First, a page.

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The Oxford Study Bible Study Bible supplemented with commentary from scholars of various religions.

Chapter 14

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1Again, the man who gets ready for a voyage and plans to set his course through the wild waves invokes a piece of wood more fragile than the ship which is to carry him. 2Desire for gain invented the ship, and the shipwright with his skill built it a 14:2 and the shipwright … built it: other witnesses read and wisdom was the shipwright who built it. ; 3but your providence, Father, is the pilot, for you have given it a pathway through the sea and a safe course among the waves, 4showing that you can save from every danger, so that even the inexpert can put to sea. 5It is your will that the things made by your wisdom should not lie unused; and therefore people entrust their lives even to the frailest spar, and passing through the billows on a mere raft come safe to land. 6So in the beginning, when the proud race of giants was being brought to an end, the hope of mankind escaped on a raft and, piloted by your hand, bequeathed to the world a new breed of people. 7While a blessing is on the wood through which right prevails, 8the wooden idol made by human hands is accursed, and so is its maker —he because he made it, and the perishable thing because it was called a god. 9Equally hateful to God are the godless and their ungodliness; 10the doer and the deed will both be punished. 11Therefore retribution will fall on the idols of the heathen, because although part of God's creation they have been made into an abomination, to make people stumble and to catch the feet of the foolish. 12The devising of idols is the beginning of immortality; they are an invention which has blighted human life. 13They did not exist from the beginning, nor will they be with us for ever; 14superstition brought them into the world, and for good reason a speedy end is in store for them.

15Some father, overwhelmed with untimely grief for the child suddenly taken from him, made an image of his child and honoured thenceforth as a god what was once a dead human being, handing on to his household the observance of rites and ceremonies. 16Then this impious custom, established by the passage of time, was observed as law. Or again, graven images came to be worshipped at the command of despotic princes. 17When people could not do honour to such a prince before his face because he lived too far away, they made a likeness of that distant face, and produced a visible image of the king they sought to honour, in order that by their zeal they might gratify the absent prince as though he were present. 18Then the cult grows in fervour as those to whom the king is unknown are spurred on by ambitious craftsmen. 19In his desire, it may be, to please the monarch, a craftsman skilfully distorts the likeness into an ideal form, 20and the common people, beguiled by the beauty of the workmanship, take for an object of worship him whom lately they honoured as a man. 21So this becomes a snare in the life of a people: enslaved by mischance or misgovernment, they confer on stocks and stones the name that none may share.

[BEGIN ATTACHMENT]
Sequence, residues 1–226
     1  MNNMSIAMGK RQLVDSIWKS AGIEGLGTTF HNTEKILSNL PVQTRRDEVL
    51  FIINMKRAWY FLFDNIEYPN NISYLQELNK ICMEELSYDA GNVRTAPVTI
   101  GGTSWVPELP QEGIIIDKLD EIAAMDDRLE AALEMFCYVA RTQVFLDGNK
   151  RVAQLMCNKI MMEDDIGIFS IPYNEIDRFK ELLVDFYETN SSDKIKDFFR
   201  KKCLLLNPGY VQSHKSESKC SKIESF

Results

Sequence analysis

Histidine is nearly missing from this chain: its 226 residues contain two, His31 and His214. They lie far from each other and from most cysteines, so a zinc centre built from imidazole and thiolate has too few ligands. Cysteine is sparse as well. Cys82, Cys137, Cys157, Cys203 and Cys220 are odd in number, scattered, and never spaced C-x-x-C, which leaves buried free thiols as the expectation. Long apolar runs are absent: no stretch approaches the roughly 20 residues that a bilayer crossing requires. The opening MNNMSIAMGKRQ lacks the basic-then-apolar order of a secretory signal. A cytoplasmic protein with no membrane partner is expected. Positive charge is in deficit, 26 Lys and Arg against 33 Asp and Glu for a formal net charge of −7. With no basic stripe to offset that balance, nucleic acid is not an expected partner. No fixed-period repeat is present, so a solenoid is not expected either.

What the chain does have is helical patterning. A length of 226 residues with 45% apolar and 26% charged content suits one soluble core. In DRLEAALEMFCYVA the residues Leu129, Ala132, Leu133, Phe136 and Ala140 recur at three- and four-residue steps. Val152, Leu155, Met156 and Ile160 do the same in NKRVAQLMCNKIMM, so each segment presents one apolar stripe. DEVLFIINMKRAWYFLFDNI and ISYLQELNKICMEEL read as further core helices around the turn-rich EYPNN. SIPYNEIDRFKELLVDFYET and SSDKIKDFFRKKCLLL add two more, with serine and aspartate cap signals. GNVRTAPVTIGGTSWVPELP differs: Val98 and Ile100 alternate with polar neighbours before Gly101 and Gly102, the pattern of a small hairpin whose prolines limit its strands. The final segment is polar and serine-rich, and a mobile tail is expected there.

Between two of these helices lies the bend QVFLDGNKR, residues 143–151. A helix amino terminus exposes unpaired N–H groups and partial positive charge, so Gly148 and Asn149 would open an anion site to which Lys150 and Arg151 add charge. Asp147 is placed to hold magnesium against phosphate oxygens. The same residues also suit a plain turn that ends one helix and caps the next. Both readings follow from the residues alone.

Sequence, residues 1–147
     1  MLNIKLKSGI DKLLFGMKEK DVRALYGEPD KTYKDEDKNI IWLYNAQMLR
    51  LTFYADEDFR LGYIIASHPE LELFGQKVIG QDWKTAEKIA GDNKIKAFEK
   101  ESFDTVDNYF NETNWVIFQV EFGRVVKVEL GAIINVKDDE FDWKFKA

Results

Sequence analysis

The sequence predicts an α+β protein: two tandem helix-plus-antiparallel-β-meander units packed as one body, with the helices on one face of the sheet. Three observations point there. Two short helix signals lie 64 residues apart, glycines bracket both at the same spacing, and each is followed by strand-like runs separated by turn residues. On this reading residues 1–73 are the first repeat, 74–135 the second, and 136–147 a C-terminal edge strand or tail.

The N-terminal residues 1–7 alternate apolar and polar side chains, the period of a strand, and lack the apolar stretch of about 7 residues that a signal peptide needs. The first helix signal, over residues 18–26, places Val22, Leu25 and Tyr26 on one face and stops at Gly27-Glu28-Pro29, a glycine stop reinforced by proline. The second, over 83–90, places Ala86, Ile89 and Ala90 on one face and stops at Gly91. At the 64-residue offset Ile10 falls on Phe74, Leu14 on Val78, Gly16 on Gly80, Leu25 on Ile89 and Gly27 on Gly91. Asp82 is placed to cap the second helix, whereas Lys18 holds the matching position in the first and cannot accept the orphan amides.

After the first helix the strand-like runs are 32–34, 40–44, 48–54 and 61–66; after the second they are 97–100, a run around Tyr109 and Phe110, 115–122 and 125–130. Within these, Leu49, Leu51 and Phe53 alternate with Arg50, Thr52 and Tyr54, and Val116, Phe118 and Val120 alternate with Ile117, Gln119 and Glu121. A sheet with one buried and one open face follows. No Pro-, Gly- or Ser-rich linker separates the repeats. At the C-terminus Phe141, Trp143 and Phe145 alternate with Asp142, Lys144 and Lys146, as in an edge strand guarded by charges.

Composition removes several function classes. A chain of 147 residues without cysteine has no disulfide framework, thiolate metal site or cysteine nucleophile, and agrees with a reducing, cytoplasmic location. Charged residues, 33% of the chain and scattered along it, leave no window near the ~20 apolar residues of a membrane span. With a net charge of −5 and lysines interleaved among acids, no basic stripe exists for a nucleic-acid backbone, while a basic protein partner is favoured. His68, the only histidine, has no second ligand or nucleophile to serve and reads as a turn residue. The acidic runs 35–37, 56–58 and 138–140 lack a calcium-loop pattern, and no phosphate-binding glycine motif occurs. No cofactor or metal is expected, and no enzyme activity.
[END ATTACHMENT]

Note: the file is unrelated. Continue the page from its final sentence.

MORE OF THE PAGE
22Then, not content with crass error in their knowledge of God, people live in the constant warfare of ignorance and call this monstrous evil peace. 23They perform ritual killing of children and secret ceremonies and the frenzied orgies of unnatural cults; 24the purity of life and marriage is abandoned; and a man treacherously murders a neighbour or by corrupting his wife breaks his heart. 25All is chaos —bloody murder, theft and fraud, corruption, treachery, riot, perjury, 26honest folk driven to distraction; ingratitude, depravity, sexual perversion, breakdown of marriage, adultery, debauchery. 27For the worship of idols, whose names it is wrong even to mention, is the beginning, the cause, and the end of every evil. 28People either indulge themselves to the point of madness, or pass off lies as prophecies, or live dishonest lives, or break their oath without scruple. 29They perjure themselves and expect no harm because the idols they trust in are lifeless. 30But judgement will overtake them on two counts: both because in their devotion to idols they have thought wrongly about God, and also because in their contempt for religion they have deliberately perjured themselves. 31It is not any power in what they swear by, but the nemesis of sin, that ever pursues the transgressions of the wicked.

Notes:

a 14:2 and the shipwright … built it: other witnesses read and wisdom was the shipwright who built it.

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